There are a variety of places farms can sell their goods. Farmer’s markets are one, but restaurants are always looking to stock up on produce. With some business sense, you can undercut the prices of bigger farms.
It is not necessary to be so competitive, however. Many farms and farmers actually work together to provide produce. Usually this will take the form of an agreement between farms: Farm A will only produce Crop A, while Farm B will only produce Crop B.
That way when a restaurant, farmer’s market, or grocery store needs either crop, either farmer can refer the other. Neither farmer is taking the other’s business away, and everyone gets what they need.
This does not mean that you always have to farm according to the whims of other, more well-established farmers.
Cooperatives are another way of selling your crops that relies on multiple farmers growing the same crops. These are farmer’s groups dedicated to filling even larger production needs.
These are the pathways you have to making farming in a greenhouse worth it. But these tips make a few assumptions.
They imagine you to be working in a greenhouse, or multiple greenhouses, of sufficient size to grow what you need. These tips also assume you have the space for such structures.
Is a greenhouse worth it if you are somewhere that a greenhouse is not usually placed? Can a greenhouse be worth it if you are growing in a city, for instance?
Is Growing Where Plants Cannot Grow “Worth It”?
A greenhouse is a structure that captures light and holds in the heat it creates, using both of these things in conjunction with a caretaker (that’s you) to grow plants in environments where they would not normally be able to survive.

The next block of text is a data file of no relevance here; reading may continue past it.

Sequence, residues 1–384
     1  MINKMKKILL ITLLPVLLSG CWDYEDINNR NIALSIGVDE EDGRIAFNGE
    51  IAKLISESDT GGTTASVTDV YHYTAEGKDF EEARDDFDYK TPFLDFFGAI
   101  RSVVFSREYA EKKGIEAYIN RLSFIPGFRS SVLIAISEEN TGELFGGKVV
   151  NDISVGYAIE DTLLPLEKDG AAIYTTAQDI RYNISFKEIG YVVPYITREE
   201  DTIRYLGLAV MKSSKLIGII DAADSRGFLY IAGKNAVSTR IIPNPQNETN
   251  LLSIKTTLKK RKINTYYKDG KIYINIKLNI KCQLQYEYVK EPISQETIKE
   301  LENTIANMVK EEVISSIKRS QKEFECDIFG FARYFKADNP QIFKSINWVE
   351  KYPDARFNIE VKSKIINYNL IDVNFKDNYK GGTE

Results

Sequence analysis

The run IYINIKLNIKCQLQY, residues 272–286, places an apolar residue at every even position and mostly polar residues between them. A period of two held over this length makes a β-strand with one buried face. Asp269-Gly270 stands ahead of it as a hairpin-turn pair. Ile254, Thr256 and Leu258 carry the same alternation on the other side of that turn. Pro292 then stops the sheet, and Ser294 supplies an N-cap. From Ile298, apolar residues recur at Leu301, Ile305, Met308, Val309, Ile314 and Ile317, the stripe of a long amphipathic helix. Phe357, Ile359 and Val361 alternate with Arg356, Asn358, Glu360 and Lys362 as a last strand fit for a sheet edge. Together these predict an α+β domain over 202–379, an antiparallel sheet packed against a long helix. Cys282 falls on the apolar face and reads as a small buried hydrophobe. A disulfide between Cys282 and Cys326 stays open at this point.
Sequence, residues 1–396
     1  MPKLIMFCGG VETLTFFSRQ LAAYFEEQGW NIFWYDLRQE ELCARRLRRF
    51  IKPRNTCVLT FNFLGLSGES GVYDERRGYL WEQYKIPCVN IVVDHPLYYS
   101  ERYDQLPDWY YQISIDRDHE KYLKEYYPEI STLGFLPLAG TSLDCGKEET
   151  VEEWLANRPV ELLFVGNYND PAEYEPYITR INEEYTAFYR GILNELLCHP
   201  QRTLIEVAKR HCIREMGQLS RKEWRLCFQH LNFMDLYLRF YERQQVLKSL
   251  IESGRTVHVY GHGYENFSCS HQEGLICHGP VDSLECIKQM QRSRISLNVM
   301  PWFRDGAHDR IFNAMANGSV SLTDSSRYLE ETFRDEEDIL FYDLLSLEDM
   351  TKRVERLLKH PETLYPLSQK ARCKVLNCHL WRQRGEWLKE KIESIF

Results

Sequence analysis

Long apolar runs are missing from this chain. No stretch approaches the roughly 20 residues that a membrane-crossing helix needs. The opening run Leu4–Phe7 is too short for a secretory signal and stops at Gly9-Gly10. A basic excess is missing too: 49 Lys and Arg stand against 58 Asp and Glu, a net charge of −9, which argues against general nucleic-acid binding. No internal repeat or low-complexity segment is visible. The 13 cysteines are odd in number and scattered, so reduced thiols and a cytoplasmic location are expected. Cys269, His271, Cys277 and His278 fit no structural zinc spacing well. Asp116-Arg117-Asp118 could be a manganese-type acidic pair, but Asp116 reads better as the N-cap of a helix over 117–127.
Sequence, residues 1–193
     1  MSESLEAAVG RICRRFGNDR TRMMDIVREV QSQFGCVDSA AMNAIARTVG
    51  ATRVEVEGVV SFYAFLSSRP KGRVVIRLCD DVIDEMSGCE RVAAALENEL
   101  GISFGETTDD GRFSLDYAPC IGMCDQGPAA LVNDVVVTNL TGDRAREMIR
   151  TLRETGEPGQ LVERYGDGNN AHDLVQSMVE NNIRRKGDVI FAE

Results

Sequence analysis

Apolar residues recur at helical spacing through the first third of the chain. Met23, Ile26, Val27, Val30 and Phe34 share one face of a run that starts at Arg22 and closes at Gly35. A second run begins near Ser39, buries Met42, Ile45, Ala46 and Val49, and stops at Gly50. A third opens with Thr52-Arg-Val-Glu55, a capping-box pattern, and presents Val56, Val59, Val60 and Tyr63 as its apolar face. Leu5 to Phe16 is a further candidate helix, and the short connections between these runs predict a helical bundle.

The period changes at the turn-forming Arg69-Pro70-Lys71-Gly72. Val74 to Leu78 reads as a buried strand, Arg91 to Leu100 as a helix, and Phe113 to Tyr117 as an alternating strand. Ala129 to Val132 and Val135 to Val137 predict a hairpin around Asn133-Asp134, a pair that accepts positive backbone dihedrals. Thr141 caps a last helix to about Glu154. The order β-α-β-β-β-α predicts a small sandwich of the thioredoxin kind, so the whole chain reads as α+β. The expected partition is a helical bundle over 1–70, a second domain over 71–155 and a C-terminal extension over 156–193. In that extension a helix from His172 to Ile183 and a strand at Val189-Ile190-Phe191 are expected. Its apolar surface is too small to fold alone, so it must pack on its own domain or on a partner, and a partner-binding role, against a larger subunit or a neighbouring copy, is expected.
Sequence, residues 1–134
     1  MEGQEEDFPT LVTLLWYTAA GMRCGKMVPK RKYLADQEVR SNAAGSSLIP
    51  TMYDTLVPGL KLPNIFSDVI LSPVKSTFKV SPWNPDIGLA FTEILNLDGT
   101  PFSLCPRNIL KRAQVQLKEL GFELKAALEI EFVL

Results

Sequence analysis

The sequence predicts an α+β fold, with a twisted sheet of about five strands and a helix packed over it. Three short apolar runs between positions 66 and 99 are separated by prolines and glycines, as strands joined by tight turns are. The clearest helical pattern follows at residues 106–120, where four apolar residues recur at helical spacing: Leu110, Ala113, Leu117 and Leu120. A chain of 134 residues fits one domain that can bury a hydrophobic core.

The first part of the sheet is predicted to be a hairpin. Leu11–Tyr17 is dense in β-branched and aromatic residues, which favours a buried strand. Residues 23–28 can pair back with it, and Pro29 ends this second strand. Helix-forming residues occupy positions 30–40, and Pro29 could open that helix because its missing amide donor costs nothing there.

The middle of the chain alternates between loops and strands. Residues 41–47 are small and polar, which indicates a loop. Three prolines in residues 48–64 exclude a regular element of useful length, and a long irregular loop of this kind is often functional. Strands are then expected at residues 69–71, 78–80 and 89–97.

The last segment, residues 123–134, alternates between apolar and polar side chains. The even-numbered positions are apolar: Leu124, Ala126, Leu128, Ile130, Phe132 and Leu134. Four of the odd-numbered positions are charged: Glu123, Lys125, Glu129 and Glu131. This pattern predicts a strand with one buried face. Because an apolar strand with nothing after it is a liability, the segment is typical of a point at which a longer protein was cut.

But most people forget that greenhouses do not have to be in backyards.
There are two kinds of greenhouses that can function in a city environment: Rooftop types, and basement types. Rooftop greenhouses are almost identical to the kind you might build in your backyard. They feature the same structure, glass paneling, and can even include irrigation.
Rooftop greenhouses can be built on the top of any apartment or office building. You will have to get permission to use the space, but many leasing companies are willing to give it.
Office buildings might actually let you use the space for free as well since greenhouses and the accompanying plant life are proven to boost productivity. Rooftop greenhouses are worth their effort for the same reason backyard greenhouses are.
Even more so if you are living in a particularly dense urban environment—in some cities you can go miles without seeing any plant life at all. It is just miles and miles of concrete sprawl. This has a detrimental effect on human beings. Greenhouses can help combat this.
Basement greenhouses are a slightly different story, at least in terms of how they are situated in an urban environment.